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Bailey-Matthews National Shell Museum looks ahead for 2017
March 15, 2017

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The Bailey-Matthews National Shell Museum held its annual report meeting for 2016 last Monday. Dorrie Hipschman, executive director of the Bailey-Matthews National Shell Museum, said that 2016 was a strong year.

"We've grown a lot during these last couple of years in terms of our staff and I also have to say that the caliber and the quality of the people who are now working at the museum is just first-rate," Hipschman said. "I'm so confident in what we can do going forward into the future because of the team that we have assembled here."

Last year, the museum incorporated a new educational program, Mollusks on the Move. The program already has 21 visits scheduled this year all around Lee and Collier counties. Hipschman said the museum will have a separate collection of animals just for that program.

"By 2018, we're going to have a fully-realized Mollusks on the Move," Hipschman said. "The museum is committed in every possible way to connecting people to the natural world around them. The way we do that is we take a shell and we want to connect them to the amazing creature that is the shell creator."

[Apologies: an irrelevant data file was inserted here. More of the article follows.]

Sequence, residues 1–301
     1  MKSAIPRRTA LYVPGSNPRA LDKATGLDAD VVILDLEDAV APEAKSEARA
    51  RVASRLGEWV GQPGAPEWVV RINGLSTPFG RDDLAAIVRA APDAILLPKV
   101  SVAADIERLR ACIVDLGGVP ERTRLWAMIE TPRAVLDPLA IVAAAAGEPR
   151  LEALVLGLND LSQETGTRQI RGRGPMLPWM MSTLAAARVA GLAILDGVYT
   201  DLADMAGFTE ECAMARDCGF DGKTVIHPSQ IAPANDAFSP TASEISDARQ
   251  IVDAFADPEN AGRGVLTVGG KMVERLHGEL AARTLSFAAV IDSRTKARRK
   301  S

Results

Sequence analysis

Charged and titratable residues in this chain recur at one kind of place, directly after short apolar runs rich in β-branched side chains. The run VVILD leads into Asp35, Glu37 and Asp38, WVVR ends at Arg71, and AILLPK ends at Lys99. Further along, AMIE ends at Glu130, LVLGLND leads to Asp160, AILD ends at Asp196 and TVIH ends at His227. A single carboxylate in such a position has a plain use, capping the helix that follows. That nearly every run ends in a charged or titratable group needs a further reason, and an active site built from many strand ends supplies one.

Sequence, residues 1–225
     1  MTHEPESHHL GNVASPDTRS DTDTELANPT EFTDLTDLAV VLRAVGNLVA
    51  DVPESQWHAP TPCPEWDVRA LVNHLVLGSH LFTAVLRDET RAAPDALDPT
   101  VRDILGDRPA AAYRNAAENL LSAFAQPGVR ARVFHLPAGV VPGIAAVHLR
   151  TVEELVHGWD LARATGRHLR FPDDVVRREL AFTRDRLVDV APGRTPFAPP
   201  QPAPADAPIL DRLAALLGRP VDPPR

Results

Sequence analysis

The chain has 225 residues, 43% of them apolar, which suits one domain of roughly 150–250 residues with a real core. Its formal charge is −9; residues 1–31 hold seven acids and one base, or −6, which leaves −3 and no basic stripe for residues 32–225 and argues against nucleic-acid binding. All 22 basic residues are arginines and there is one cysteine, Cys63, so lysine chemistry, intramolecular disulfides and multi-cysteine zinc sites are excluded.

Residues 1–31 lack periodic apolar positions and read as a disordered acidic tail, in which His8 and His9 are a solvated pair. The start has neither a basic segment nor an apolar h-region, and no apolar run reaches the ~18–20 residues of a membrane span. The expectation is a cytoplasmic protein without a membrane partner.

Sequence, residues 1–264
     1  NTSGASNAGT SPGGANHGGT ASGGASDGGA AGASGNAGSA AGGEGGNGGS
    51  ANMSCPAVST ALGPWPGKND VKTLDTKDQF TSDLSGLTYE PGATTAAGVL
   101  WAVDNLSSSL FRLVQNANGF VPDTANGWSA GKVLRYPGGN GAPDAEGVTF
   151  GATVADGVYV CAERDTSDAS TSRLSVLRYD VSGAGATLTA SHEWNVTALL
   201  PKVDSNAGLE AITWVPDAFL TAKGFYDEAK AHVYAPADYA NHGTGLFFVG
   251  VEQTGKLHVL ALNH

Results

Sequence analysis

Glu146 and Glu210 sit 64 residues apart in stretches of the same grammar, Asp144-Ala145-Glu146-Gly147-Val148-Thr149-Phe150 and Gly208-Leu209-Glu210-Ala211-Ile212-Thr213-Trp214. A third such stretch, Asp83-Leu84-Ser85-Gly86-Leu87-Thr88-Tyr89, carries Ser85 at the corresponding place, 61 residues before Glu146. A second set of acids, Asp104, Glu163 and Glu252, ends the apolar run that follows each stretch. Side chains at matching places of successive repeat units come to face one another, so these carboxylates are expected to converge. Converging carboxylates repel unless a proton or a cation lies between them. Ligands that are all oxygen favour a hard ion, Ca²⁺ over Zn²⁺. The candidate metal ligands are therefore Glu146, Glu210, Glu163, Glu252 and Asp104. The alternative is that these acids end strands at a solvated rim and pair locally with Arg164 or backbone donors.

Their other educational program, Adopt-a-class, reached 2,822 fourth graders last year. That number is 60 percent more than last year. The Adopt-a-class program brings students from Title 1 schools around Lee County to participate in hands on science, tank talks, exhibit hall and art at the museum. For many of the students, the field trip to the museum is their first time on Sanibel.

During the meeting, Hipschman said that financially, the museum is in a good place. According to their unaudited financials, they garnered $1.63 million last year through admissions, donations and memberships, grants, programs and events and retail.

"The museum, I'm proud to say, given the work of the last 25 years of people in this community, is financially in a very good position. We have been investing in our future and we are able to do that with confidence," Hipschman said.

To extend its scientific research even further, the museum joined iDigBio last year and added 117,000 shells to its online collection, making that information accessible to scientists all over the globe.

Hipschman said that 60,000 visitors from all over the world visited the museum last year. She said one of their most popular, and fastest growing programs, has been their afternoon shell crafting sessions that are free with paid admission.

"It is amazing how popular shell crafting is for our visitors," Hipschman said. "We have actually expanded that program and it is now hugely popular and it is not just for kids."

Another popular program for the museum are their hourly live tank talks, over 2,190 were given last year alone.

Out of 17,500 museums in the U.S., the Bailey-Matthews National Shell Museum is one of only 802 that is accredited.

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